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Strasbourg, 10 June 2011







Comments by the Steering Committee on the Media and New Communication Services (CDMC) on Parliamentary Assembly Recommendation 1962 (2011)
on the religious dimension of intercultural dialogue



    1. The CDMC welcomes the Recommendation 1962 (2011) of the Parliamentary Assembly of the Council of Europe on the religious dimension of intercultural dialogue. The recommendation considers an issue which is highly topical in pluralist Europe and in the globalised world today – the effective dialogue between various individuals, groups, communities and faiths. Interreligious dialogue represents an important dimension of intercultural dialogue as conscience and religion are components of culture and constitute the basis of spiritual life in society.

    2. The CDMC shares the opinion that Europe is multicultural and multi-religious but that common values such as human rights, respect for human dignity, tolerance and the acceptance that differences are normal, and the vision of a common future, need to be further strengthened. Respect for, and promotion of, cultural diversity are essential conditions for the development of societies based on solidarity. Intercultural dialogue allows the prevention of ethnic, religious, linguistic and cultural divides and enables people to move forward together, and to deal with their different identities constructively and democratically, on the basis of shared universal values.

    3. The CDMC wishes to stress the importance of the respect of freedom of expression for a fruitful exchange on religious aspects in intercultural dialogue. Successful intercultural dialogue requires many of the attitudes fostered by a democratic culture – such as open-mindedness, willingness to engage in dialogue and allow others to express their point, a capacity to resolve conflicts by peaceful means and recognition of the well-founded arguments of others. Many of these attitudes depend on the freedom of expression. The CDMC underlines that respect for freedom of expression guarantees non-domination and is essential to ensure that dialogue is governed by the force of argument rather than the argument of force.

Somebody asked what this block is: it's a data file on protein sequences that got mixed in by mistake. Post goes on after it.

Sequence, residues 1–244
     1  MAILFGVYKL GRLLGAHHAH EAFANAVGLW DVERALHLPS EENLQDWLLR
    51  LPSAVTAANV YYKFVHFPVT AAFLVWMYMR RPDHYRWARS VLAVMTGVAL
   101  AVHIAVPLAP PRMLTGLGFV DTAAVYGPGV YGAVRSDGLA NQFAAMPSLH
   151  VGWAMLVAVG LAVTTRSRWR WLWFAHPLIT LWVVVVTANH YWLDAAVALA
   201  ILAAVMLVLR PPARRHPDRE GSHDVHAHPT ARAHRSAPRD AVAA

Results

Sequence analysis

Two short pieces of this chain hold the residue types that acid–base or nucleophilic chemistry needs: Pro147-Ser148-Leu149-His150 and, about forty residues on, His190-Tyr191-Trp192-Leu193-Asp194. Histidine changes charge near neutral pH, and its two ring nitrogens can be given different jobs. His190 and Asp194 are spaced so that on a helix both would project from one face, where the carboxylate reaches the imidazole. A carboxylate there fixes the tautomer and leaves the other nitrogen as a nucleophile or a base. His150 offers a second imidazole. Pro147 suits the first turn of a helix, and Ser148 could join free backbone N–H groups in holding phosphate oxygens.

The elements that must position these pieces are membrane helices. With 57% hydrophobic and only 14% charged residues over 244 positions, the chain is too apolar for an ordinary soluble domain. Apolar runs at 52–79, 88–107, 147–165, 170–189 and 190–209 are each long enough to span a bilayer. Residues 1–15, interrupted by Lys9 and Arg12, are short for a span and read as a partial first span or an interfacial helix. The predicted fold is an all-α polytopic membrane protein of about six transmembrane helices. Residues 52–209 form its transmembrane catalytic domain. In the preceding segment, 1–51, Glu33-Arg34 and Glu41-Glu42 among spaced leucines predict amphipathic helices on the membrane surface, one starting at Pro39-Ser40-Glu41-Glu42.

4. The Assembly rightly insists on the need for everyone to learn to share their differences positively. The CDMC would emphasise that this highly desirable goal can be supported by the active involvement of the media as a core partner in a complex process.

    5. The positive contribution of the media to the religious dimension of intercultural dialogue has already been confirmed during the Council of Europe conference on ''Media, beliefs and religion'', considering the role of the media in fostering intercultural dialogue, tolerance and mutual understanding, freedom of expression of the media and respect towards cultural and religious diversity, held in Ohrid on 13-14 September 2010. The CDMC recalls that the forum in Ohrid reiterated the crucial and multifarious role the media plays in enhancing intercultural and interreligious dialogue in democratic societies and strengthening social cohesion. This dialogue expands between various churches, believers and non-believers and between religious communities and civil society including humanist projects and movements.

    6. Media can support new educational systems aiming at building knowledge and understanding of the various cultures and religions in society.

    7. Though all the media exercise a public function, public service media (PSM) have a particular obligation to encourage intercultural and interreligious dialogue and foster social cohesion as a component of their public service remit. The CDMC underlines the essential role of PSMs in integrating all communities, social groups and generations and promoting better understanding and trust among peoples in an era of globalisation, migration and integration, as expressed in the CM Recommendation CM/Rec (2007) 3 on the remit of public service media in the information society.

    8. Community media can play an important role in expanding the intercultural dialogue at local and regional level. Community media allow for democratic participation of various groups and minorities, including religious groups.

    9. The CDMC wishes to stress the public service value of the Internet and its tremendous contribution to diversity and dialogue through the new information and communication technologies. New media and Internet in particular offer unprecedented opportunities for intensifying communication and exchange among cultures, for active creation and participation and can serve as an effective tool for achieving understanding and tolerance in the religious sphere as well.